On the left is Jao Mae Maha Umathewi's other son, the elephant-headed Phra Phikhanet (Ganesh). Along the left interior wall sit rows of Shivas, Vishnus and other Hindu deities, as well as a few Buddhas, so that just about any non-Muslim, non-Judaeo-Christian Asian can worship here Thai and Chinese devotees come to pray along with Indians. Bright yellow marigold garlands are sold at the entrance for this purpose.
An interesting ritual takes place in the temple at noon on most days, when a priest brings out a tray carrying an oil lamp, colored powders and holy water. He sprinkles the water on the hands through the lamp flame for purification. They then dip their fingers in the colored powder and daub prayer marks on their foreheads. On Friday at around 11.30am, prasada (blessed vegetarian food) is offered to devotees. Thais call this temple Wat Khaek- khaek is a colloquial expression for people of Indian descent. The literal translation is 'guest', an obvious euphemism for a group of people you don't particularly want as permanent residents; hence most Indians living permanently in Thailand don't appreciate the term.
Outside Bangkok, on the eastern bank of Mae Nam Chao Phraya in Pathum Thani Province, this old, wooden Mon wat is noted for the tens of thousands of open billed stocks (Anastomus oscitans) that nest in bamboo groves opposite it, from December to June. Temple architecture buffs will note the Ayutthaya-style bot, backed by a Mon chedi. The temple is 51km from the centre of Bangkok in Pathum Thani's Sam Kok district. Take a Pathum Thani-bound bus (20 Baht) from Bangkok's Northern bus terminal and cross the river by ferry to the wat grounds. Bus no. 33 from Sanam Luang goes all the way to Phailom and back. The Chao Phraya River Express tours from Tha Maharat to Bang Pa-In each Sunday also make a stop at Wat Phailom.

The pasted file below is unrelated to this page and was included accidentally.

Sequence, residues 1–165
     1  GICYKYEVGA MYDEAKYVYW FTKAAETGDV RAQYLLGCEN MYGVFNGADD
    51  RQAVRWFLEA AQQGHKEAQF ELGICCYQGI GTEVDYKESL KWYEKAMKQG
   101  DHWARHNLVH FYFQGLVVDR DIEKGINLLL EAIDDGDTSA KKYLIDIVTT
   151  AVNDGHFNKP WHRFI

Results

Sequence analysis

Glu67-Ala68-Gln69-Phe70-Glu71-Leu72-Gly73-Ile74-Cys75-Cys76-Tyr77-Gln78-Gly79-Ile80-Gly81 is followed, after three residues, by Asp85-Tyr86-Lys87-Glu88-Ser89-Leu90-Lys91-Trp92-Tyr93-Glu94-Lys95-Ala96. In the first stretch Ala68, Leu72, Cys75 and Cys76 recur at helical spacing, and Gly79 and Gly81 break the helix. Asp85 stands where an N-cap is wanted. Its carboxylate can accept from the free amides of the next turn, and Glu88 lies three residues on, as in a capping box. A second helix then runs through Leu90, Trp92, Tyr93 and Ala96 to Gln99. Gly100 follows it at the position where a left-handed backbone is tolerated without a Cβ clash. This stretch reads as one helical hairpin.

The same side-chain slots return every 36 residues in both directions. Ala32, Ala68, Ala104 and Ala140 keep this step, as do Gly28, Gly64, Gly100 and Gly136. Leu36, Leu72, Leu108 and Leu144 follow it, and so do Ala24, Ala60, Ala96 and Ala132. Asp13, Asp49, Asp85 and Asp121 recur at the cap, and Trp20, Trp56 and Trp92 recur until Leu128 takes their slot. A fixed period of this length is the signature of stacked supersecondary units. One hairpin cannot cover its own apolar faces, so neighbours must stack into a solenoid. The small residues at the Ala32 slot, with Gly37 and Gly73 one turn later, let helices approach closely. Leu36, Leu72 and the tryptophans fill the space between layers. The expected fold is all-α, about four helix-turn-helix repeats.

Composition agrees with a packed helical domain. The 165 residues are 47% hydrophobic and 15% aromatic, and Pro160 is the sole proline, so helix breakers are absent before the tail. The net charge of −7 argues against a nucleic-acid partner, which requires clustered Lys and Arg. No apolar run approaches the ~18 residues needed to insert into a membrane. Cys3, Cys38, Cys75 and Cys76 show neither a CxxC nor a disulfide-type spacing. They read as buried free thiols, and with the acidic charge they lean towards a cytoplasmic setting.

Wat Bowonniwet (also spelt 'Bovornives' and shortened to Wat Bowon), on Thanon Phra Sumen in Banglamphu is the national headquarters for the Thammayut monastic sect, King Mongkut, founder of this minority sect, began a royal traditional by the residing here as a monk, in fact he was the abbot of Wat Bowon for several years. King Bhumibol and Crown Prince Vajiralongkorn, as well as several other males in the royal family, have been temporarily ordained as monks here. The temple was founded in 1826, when is was known as Wat Mai.
Bangkok's second Buddhist university, Mahamakut University, is housed at Wat Bowon. India, Nepal and Sri Lanka all send selected monks to study here. Across the street from the main entrance to the wat are an English-language Buddhist bookshop and Thai herbal clinic. Because of its royal status, visitors should be particularly careful to dress properly for admittance to this wat-no shorts or sleeveless shirts. Marked by its enormous, modern 32m standing Buddha. Wat Intharawihan borders Thanon Wisut Kasat, at the northern edge of Banglamphu. Check out the hollowed-out air-con stupa with a lifelike image of Luang Phaw Toh, a famous monk. Entry to Wat In is by donation.